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Chapter 13 bankruptcy & Small Business Owners

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In a Nutshell

Owning your own business has a lot of benefits. You’re the boss and you get to make the rules. On the downside, you take on a lot of risk, and you’re responsible for managing the books. This is doubly so when it comes to your bankruptcy filing. Read on to learn what you should know about business bankruptcy and Chapter 13.

Written by Attorney Amelia Niemi.  
Updated September 3, 2020


Owning your own business has a lot of benefits. You’re the boss and you get to make the rules. On the downside, you take on a lot of risk, and you’re responsible for managing the books. This is doubly so when it comes to your bankruptcy filing. Read on to learn what you should know about business bankruptcy and Chapter 13.

What kind of small business do you have? 

These days, many people run their own small businesses. Whether you have a sidle hustle or run your shop full-time, you’re an owner. There are a few different ways your business can be set up. The simplest way is to be a sole proprietor. As a sole proprietor, you work alone and you don’t file papers with your state. Babysitting, mowing your neighbor’s grass, and selling Mary Kay makeup could be different types of sole proprietorships. Sole proprietorships are not separate entities.

Limited Liability Companies (LLCs) are also very common for small business owners. Their owners file papers with their state every year, and pay filing fees. You might also have a C-Corporation or S-Corporation. Each of these is a separate legal entity. With separate business entities, personal assets and business assets are separated.

Chapter 13 bankruptcy vs. Chapter 7 bankruptcy 

Individuals can choose to file bankruptcy either under Chapter 7 or Chapter 13. There are some similarities between these chapters. For example, during your bankruptcy case, there is an automatic stay. Your creditors can’t make collection efforts, including calling you or charging interest or late payment fees. Wage garnishment must stop. Beyond that, there are many differences.

Under Chapter 7, anything you own is put into a big pot. That money is divided among the people you owe money to. You may not pay back the full amount of debt. This process will take a few months. As part of your Chapter 7 case ends, most of your debts will be discharged so you won’t need to pay them.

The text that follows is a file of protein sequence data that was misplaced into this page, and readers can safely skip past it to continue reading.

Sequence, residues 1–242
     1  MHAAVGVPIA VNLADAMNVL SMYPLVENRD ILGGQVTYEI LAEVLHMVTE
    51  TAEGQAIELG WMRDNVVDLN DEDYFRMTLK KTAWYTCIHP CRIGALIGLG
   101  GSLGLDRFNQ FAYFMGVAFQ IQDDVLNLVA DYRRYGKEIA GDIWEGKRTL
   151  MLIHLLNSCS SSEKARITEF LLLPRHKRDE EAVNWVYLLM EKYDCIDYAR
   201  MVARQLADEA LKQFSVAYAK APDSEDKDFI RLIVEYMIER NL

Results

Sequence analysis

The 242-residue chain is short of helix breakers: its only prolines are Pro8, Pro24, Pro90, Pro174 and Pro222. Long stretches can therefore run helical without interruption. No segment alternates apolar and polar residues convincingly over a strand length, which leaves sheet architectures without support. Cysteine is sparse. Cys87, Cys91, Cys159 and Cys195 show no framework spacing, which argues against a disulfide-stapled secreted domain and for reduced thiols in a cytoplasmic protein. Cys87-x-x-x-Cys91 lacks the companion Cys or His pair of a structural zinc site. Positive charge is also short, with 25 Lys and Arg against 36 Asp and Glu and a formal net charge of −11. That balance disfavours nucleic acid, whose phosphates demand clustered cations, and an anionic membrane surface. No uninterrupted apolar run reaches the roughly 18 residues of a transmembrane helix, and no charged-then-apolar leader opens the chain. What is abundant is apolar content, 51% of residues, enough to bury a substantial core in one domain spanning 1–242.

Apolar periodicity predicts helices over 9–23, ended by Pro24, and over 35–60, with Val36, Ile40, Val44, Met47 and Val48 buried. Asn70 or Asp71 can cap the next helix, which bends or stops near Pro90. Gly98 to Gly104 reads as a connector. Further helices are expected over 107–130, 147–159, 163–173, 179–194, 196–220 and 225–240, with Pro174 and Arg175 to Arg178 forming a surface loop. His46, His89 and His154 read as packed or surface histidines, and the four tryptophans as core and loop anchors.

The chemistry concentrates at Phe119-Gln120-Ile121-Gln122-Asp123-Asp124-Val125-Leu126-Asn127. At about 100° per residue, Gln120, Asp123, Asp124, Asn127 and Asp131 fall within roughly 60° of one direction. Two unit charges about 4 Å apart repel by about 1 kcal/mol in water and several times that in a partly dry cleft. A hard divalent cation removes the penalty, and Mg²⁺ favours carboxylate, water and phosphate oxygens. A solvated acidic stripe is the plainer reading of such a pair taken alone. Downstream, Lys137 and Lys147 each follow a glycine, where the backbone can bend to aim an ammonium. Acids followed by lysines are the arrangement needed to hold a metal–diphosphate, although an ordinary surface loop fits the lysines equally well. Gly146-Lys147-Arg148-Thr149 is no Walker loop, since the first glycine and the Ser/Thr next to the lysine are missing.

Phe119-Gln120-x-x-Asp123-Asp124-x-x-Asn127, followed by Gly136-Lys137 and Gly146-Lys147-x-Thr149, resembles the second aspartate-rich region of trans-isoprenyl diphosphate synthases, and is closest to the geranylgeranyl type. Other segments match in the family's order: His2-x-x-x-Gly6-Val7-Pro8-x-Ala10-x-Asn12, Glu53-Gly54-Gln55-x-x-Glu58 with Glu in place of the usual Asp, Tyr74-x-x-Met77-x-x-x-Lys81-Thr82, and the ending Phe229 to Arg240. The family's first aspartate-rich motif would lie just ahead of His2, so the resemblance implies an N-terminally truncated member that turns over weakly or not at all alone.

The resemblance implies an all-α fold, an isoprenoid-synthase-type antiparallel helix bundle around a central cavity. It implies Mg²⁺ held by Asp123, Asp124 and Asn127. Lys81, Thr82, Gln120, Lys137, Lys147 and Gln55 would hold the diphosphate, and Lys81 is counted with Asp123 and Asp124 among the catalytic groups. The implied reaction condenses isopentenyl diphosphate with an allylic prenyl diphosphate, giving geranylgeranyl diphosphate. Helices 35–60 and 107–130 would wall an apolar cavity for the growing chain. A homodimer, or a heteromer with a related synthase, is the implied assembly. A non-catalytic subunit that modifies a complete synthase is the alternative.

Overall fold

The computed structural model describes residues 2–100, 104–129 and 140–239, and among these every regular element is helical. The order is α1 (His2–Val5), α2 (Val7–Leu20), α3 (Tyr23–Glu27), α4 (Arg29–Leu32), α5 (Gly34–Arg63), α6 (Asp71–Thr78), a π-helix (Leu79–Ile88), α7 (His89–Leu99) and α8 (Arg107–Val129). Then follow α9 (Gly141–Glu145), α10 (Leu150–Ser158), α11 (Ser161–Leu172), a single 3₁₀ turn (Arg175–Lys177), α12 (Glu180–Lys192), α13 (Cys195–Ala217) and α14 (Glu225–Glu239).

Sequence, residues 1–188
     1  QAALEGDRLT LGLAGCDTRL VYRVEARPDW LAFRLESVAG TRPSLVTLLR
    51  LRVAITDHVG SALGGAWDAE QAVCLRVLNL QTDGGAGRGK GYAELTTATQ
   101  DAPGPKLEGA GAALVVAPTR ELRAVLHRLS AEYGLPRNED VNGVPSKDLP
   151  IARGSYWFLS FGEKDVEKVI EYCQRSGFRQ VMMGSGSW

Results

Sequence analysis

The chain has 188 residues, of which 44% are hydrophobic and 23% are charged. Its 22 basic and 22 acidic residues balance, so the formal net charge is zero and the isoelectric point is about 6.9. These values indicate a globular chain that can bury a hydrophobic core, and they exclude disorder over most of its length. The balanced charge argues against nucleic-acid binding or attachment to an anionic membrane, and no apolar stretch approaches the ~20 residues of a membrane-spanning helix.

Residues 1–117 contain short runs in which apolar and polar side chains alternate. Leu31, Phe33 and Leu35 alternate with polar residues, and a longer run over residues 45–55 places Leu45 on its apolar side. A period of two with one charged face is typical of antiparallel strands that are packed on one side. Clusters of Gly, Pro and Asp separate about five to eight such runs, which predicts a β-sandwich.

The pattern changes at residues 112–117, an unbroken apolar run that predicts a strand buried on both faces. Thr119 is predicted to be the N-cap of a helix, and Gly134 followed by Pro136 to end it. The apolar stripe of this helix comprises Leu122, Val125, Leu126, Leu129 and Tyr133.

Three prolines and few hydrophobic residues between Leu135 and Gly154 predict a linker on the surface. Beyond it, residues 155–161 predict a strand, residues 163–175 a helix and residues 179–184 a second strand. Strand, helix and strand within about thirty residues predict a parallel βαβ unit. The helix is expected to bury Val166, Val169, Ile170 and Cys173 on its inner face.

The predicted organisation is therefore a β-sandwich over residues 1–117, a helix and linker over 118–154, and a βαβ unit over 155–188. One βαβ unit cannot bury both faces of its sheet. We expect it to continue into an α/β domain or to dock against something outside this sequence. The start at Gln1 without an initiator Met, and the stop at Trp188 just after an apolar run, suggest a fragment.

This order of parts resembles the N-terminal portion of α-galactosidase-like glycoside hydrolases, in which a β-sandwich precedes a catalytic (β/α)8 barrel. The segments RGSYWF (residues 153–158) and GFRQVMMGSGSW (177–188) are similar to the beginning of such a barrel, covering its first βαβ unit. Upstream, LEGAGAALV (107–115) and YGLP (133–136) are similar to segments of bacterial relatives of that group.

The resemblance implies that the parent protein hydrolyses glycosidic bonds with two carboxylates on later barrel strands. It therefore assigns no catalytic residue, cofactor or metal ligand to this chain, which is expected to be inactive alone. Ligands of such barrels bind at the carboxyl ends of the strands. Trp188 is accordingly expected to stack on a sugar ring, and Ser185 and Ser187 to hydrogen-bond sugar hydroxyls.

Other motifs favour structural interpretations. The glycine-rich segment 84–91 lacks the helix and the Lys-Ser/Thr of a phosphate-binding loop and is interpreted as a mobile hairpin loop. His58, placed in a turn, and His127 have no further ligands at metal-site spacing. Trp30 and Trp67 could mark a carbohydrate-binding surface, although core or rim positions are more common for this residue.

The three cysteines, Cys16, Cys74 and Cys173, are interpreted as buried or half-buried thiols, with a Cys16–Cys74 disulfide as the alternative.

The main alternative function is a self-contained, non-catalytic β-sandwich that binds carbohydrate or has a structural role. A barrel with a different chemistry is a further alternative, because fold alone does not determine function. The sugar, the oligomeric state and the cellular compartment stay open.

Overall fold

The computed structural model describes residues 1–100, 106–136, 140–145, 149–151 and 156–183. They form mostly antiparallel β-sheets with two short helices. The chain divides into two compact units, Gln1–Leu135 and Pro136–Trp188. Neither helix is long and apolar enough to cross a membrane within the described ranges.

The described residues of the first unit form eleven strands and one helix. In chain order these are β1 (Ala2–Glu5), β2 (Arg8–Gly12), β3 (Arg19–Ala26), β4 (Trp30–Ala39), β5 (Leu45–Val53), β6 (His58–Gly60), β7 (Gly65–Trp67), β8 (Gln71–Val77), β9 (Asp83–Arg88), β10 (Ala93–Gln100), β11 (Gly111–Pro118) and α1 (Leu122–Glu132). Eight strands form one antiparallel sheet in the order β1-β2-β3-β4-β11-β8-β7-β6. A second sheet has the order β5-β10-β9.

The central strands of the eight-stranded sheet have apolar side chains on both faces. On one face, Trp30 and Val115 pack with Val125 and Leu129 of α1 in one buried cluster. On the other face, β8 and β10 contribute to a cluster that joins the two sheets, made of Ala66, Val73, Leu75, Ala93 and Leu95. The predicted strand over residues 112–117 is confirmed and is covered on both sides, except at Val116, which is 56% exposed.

Chapter 13 Bankruptcy works a little differently. Under this type of bankruptcy, you’ll make monthly payments from your disposable income to your bankruptcy trustee. The trustee will divide the money among your creditors. This repayment plan will last either three or five years. Unlike Chapter 7, with your Chapter 13 plan, you may end up repaying most, or even all, your debts. 

There are some rules about who is eligible for each chapter. Chapter 7 is usually only available for people whose income is below a certain point. This is called the means test. If your debt is mostly (more than 50%) business debt, you won’t need to worry about this means test.

Chapter 13 has several limitations on eligibility. Chapter 13 filers must have a regular income to support the repayment plan. However, Chapter 13 limits how much debt filers can have. If you have too much debt, filing bankruptcy under this chapter is impossible. Also, only individuals or married couples can file for Chapter 13. Chapter 13 is not available for business entities.

If you want to file bankruptcy for your business, you can use either Chapter 7 or Chapter 11. Chapter 7 shuts down your business. Chapter 11 lets you keep operating your business during the bankruptcy case. This chapter reorganizes the business during the case.

Eliminating business debt through Chapter 13 bankruptcy

Small business owners can still take advantage of debt relief through Chapter 13. The relief available changes depending on how the small business is held. Regardless of how the business is organized, Chapter 13 filers who are self-employed or own a business will have extra reporting requirements during their bankruptcy plan.

Sole Proprietors and Chapter 13

Sole Proprietors don’t separate business and personal debt on their taxes or in their bankruptcy papers. Because of this, the Bankruptcy Code lets owners of sole proprietorships lump both types of debt together. The trustee will divide the monthly plan payments among all the creditors. 

Priority debts, like personal and business taxes will be paid first and in full. Secured debts, like vehicles or furniture loans are paid second, followed by all non-priority unsecured debts, like personal and business credit cards and personal medical bills.